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Feeding through Gleaning!

I’ve been doing a lot of research about gleaning the past couple months, and it is great! It’s easy, it’s local, it feeds so many birds with one piece of bread: it reduces food and yard waste, feeds people.


For context, gleaning is the process of harvesting food that would otherwise go to waste and give a better destination than the landfill. Common destinations for food include: Hungry people!, livestock, and compost. Given how much food goes to waste every year (6 million pounds in California) there’s a lot of work that gleaners are able to do, and the best part is that you can be a part of that work!


"[Gleaning is] easy, it's local, it feeds so many birds with one piece of bread: it reduces food and yard waste, feeds people..."

There’s wasted food everywhere, from expired food in grocery stores to ugly food on farms to the fruit tree in your neighbor’s backyard that rots on the ground every year - all with the potential of being given a second life. What surprised me though, is how many gleaning organizations already exist in the state and the country! Take a look at this map of the Bay Area, where I grew up, and you can see how many organizations are gleaning (and I’m sure there’s more not listed):


A few Bay Area gleaning organizations!


A significant part of my work at the Lost Sierra Food Project (serving Plumas County) has been doing research and developing a plan to start our own gleaning program. What I’ve found is that gleaning isn’t often done on an organizational level, but on a purely community volunteer basis. Which makes sense given the low bar to entry - really, just interested people. Extra tools and organization can help, but are by no means necessary.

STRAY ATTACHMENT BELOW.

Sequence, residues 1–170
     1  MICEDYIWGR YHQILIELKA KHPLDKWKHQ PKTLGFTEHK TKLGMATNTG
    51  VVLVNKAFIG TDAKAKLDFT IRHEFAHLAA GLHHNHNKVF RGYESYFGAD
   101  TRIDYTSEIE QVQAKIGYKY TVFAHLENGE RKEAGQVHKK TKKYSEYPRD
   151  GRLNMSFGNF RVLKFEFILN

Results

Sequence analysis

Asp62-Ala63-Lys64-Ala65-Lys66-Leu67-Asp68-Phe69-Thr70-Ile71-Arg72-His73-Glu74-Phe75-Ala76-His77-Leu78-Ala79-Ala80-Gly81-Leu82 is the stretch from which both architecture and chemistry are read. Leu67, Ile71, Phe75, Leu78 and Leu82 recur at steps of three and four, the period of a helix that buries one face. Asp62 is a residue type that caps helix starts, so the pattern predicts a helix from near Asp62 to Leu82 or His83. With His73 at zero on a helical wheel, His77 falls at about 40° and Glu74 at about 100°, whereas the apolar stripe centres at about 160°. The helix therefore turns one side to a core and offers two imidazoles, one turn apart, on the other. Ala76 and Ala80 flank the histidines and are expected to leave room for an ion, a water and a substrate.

"There's wasted food everywhere, from expired food in grocery stores to ugly food on farms to the fruit tree in your neighbor's backyard that rots on the ground every year - all with the potential of being given a second life."

Gleaning provides a window into various parts of our local food systems and I think is a great way for people to get more involved with the system in a larger way too. The Reno Gleaning Project encourages fruit tree owners to care for their trees by pruning and watering them every year to keep up their heath, and another project called Sonoma Food Runners has seen the development of connections amongst a wide array of food stakeholders with the potential to support each other.


The saying goes that an apple-a-day keeps the doctor away. I have doubts about the immortalizing quality of apples, but I’m confident that eating fresh fruit on a regular basis is good for the health. To that end, in order for all 20,000 citizens in Plumas County to have an apple a day, we’d need over 7 million apples. That’s a lot, sure, but gleaning can make a big dent.


If we assume there’s 2,000 apple trees in the county, each producing 700 apples every year, that’s enough for 20% of the county to be getting their apple-a-day. And that’s all from existing local trees! All that’s needed is to harvest them in fall, which at 10 people per tree should be quick work.


"The saying goes that an apple-a-day keeps the doctor away. I have doubts about the immortalizing quality of apples, but I’m confident that eating fresh fruit on a regular basis is good for the health."

Plumas County's black oak

Another aspect I like about gleaning is how well it could lead into a deeper appreciation for the surrounding landscape. In Plumas County, one of the most common trees is the black oak. Acorns from the black oak are delicious and nutritious, a food staple for people living in these mountains for thousands of years, yet despite their abundance they’re not common in the modern kitchens of the mountains. Of course, the whole colonial genocide of the past few centuries that goes a long way towards explaining this - but, given the 19% of county residents dealing with food insecurity, I think that such abundance shouldn’t be ignored.


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